Racial differences in vestibular schwannoma

Matthew L. Carlson, Alexander P. Marston, Amy E. Glasgow, Elizabeth B. Habermann, Alex D. Sweeney, Michael J. Link, George B. Wanna

Research output: Contribution to journalArticlepeer-review

13 Scopus citations


Objectives/Hypothesis: To estimate the impact of race on disease presentation and treatment of vestibular schwannoma (VS) in the United States. Study Design: Analysis of a national population-based tumor registry. Methods: Analysis of the Surveillance, Epidemiology, and End Results database was performed, including all patients identified with a diagnosis of VS. Associations between race, disease presentation, treatment strategy, and overall survival were analyzed in a univariate and multivariable model. Results: A total of 9,782 patients with VS were identified among 822 million person-years. Of these, 7,400 (75.6%) claimed white, 807 (8.2%) Hispanic, 755 (7.7%) Asian, 397 (4.1%) black, and 423 (4.3%) patients reported other race. The median annual incidence of disease was lowest among black (0.43 per 100,000 persons) and Hispanic populations (0.45 per 100,000 persons) and highest among white (1.61 per 100,000 persons) populations (P < 0.001). Overall, Hispanic patients were diagnosed at the youngest age, and white patients were diagnosed at the oldest age (mean of 50.0 vs. 56.0 years, respectively; P < 0.001). Compared to white populations, black, Hispanic, and Asian populations were more likely to present with larger tumors (P < 0.001). After controlling for tumor size, age, and treatment center in a multivariable model, Hispanic patients were more likely than white patients to undergo surgery (P = 0.010); however, there were no differences between white, black, and Asian populations with regard to treatment modality. Hispanic and black patients had the poorest overall survival following surgery compared to other groups. Conclusion: Racial differences among patients with VS exist within the United States. Further studies are required to determine which factors drive differences in tumor size, age, annual disease incidence, and overall survival between races. Level of Evidence: 3. Laryngoscope, 126:2128–2133, 2016.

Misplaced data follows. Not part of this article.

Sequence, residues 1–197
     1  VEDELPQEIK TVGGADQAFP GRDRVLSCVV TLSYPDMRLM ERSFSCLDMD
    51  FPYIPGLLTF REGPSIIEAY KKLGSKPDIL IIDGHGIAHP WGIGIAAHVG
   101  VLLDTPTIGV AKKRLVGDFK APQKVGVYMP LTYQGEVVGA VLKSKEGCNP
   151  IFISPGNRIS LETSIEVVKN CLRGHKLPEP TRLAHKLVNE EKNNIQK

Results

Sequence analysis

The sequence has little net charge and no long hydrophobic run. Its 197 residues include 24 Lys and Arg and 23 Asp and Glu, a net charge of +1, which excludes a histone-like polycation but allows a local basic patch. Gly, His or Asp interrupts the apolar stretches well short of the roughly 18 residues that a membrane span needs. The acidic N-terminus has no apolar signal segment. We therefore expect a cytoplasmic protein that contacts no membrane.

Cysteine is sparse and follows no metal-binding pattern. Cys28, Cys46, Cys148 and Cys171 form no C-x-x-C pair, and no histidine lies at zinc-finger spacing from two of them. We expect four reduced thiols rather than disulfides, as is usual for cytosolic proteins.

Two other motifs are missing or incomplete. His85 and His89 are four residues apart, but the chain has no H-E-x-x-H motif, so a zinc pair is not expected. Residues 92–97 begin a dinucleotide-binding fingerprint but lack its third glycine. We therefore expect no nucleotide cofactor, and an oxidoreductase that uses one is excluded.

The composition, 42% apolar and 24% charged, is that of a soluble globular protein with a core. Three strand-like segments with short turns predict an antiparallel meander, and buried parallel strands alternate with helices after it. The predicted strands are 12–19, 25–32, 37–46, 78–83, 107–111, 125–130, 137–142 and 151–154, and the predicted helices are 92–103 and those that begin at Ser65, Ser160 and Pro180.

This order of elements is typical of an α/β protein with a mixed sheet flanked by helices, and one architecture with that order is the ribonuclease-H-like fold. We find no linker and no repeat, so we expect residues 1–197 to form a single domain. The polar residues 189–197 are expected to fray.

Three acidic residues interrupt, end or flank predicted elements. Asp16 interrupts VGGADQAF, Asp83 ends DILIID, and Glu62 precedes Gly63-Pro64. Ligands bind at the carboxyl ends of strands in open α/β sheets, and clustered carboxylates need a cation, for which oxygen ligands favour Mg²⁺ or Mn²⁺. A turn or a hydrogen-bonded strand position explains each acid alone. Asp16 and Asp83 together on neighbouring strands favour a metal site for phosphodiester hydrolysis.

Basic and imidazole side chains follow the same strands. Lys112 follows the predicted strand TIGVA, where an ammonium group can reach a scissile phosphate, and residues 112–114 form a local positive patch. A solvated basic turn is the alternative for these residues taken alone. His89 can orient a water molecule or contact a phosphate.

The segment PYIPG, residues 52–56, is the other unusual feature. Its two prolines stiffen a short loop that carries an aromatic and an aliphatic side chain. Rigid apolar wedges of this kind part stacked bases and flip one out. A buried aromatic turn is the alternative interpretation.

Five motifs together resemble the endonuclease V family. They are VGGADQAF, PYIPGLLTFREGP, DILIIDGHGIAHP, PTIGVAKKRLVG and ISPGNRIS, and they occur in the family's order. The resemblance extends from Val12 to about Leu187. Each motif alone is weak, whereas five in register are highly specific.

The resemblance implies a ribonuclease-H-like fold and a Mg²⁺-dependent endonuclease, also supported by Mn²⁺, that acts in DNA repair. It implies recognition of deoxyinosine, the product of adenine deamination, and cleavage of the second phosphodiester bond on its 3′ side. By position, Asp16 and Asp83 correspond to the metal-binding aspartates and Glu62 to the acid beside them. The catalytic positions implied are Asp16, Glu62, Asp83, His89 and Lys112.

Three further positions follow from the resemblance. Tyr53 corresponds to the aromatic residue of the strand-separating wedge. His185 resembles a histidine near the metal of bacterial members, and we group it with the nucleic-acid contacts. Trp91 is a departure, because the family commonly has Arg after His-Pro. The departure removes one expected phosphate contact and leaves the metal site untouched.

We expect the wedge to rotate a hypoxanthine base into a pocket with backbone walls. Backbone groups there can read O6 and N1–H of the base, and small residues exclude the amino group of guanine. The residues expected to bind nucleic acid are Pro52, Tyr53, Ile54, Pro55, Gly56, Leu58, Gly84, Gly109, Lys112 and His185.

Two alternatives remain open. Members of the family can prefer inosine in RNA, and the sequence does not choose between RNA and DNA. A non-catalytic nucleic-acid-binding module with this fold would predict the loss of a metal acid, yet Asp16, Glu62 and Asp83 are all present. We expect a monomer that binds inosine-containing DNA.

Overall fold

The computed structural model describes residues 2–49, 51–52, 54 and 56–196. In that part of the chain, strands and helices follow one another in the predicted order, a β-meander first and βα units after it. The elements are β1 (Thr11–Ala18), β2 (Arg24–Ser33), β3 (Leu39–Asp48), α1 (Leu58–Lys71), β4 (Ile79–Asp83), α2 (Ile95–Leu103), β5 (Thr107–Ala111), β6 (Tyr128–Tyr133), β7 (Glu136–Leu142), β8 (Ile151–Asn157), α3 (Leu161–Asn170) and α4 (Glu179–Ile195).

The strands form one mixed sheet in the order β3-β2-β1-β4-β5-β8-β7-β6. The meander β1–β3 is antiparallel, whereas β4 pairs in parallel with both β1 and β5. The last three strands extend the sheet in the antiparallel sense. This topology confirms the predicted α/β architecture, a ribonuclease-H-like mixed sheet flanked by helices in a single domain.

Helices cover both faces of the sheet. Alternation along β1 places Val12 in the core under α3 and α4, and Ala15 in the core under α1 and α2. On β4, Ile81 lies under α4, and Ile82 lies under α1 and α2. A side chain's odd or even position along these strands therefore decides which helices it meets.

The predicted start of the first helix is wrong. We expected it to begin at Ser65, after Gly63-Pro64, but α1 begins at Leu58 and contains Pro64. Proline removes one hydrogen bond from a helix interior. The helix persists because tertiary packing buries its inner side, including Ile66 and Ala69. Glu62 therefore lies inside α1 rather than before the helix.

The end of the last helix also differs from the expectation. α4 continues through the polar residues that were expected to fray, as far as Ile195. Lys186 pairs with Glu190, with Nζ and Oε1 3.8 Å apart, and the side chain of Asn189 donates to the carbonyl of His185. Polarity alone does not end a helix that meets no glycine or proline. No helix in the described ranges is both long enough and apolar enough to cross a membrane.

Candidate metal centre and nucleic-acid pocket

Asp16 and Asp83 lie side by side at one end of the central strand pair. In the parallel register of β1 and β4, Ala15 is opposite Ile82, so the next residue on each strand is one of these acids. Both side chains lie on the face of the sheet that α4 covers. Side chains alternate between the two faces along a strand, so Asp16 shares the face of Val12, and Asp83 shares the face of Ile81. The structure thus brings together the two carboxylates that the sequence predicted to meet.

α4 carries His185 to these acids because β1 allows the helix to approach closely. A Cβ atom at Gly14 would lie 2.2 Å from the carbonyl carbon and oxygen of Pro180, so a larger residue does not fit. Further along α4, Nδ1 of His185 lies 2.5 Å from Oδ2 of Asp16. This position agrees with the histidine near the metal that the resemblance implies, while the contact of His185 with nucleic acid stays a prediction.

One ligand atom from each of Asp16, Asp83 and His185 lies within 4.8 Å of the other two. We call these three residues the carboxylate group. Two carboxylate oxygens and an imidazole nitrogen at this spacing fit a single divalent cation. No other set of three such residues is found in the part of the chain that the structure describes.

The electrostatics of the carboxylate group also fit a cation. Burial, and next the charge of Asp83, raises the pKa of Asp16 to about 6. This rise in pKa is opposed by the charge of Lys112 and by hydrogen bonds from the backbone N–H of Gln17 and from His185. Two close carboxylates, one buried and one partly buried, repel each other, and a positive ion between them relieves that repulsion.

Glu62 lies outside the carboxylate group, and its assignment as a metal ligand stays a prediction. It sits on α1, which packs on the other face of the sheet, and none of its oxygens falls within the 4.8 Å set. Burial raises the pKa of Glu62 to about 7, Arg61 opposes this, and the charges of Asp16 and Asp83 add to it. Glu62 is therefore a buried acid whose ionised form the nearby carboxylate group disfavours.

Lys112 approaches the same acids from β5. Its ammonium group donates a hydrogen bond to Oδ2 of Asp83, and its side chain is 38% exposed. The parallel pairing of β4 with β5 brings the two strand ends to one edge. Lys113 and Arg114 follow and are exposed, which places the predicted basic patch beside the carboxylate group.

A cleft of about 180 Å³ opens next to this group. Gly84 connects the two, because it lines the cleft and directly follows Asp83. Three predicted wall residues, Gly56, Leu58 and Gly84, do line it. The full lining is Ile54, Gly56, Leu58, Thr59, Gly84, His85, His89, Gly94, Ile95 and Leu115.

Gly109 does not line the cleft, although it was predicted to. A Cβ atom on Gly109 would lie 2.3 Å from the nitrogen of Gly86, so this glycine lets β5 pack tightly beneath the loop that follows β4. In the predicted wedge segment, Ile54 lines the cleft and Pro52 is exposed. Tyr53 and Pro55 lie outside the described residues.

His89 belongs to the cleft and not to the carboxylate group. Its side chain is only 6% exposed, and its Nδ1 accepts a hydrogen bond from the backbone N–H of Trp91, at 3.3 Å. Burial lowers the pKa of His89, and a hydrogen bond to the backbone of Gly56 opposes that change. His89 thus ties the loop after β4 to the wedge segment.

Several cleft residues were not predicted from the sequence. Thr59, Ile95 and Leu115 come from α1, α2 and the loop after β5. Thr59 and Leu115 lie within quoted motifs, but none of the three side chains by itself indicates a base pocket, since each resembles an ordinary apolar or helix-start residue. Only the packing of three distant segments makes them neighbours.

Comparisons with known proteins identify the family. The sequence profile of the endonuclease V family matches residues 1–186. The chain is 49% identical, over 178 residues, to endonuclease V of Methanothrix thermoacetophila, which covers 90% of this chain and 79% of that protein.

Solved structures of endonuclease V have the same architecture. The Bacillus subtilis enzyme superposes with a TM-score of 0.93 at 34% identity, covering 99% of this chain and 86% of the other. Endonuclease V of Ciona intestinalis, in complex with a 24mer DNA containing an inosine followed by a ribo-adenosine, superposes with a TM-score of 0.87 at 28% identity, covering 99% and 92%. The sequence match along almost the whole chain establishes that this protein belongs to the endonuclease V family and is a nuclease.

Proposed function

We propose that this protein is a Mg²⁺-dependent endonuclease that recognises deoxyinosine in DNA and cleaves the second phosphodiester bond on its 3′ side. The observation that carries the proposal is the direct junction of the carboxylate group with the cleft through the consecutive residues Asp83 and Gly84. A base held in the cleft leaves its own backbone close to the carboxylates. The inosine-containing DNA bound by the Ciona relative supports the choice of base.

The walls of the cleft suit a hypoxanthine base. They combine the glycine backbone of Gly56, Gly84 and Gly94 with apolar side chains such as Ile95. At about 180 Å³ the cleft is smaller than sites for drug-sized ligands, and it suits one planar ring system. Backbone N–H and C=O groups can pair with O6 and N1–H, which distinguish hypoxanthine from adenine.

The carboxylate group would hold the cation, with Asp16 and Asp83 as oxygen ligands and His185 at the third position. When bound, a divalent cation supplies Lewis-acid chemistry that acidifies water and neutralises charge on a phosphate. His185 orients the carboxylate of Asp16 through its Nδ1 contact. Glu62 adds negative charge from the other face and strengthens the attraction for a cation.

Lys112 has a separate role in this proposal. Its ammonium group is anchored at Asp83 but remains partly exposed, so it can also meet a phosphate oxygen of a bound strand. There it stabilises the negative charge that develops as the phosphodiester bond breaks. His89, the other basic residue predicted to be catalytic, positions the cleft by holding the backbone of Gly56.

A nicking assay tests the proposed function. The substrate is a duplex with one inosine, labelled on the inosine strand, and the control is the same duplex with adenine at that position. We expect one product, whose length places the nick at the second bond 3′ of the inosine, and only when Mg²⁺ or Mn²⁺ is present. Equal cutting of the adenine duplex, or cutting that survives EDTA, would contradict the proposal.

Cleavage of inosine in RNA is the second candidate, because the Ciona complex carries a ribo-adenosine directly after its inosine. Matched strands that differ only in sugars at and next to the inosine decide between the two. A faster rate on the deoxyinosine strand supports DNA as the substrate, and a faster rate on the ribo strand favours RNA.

Original languageEnglish (US)
Pages (from-to)2128-2133
Number of pages6
Issue number9
StatePublished - Sep 1 2016


  • Acoustic neuroma
  • epidemiology
  • microsurgery
  • race
  • skull base
  • stereotactic radiosurgery
  • vestibular schwannoma

ASJC Scopus subject areas

  • Otorhinolaryngology


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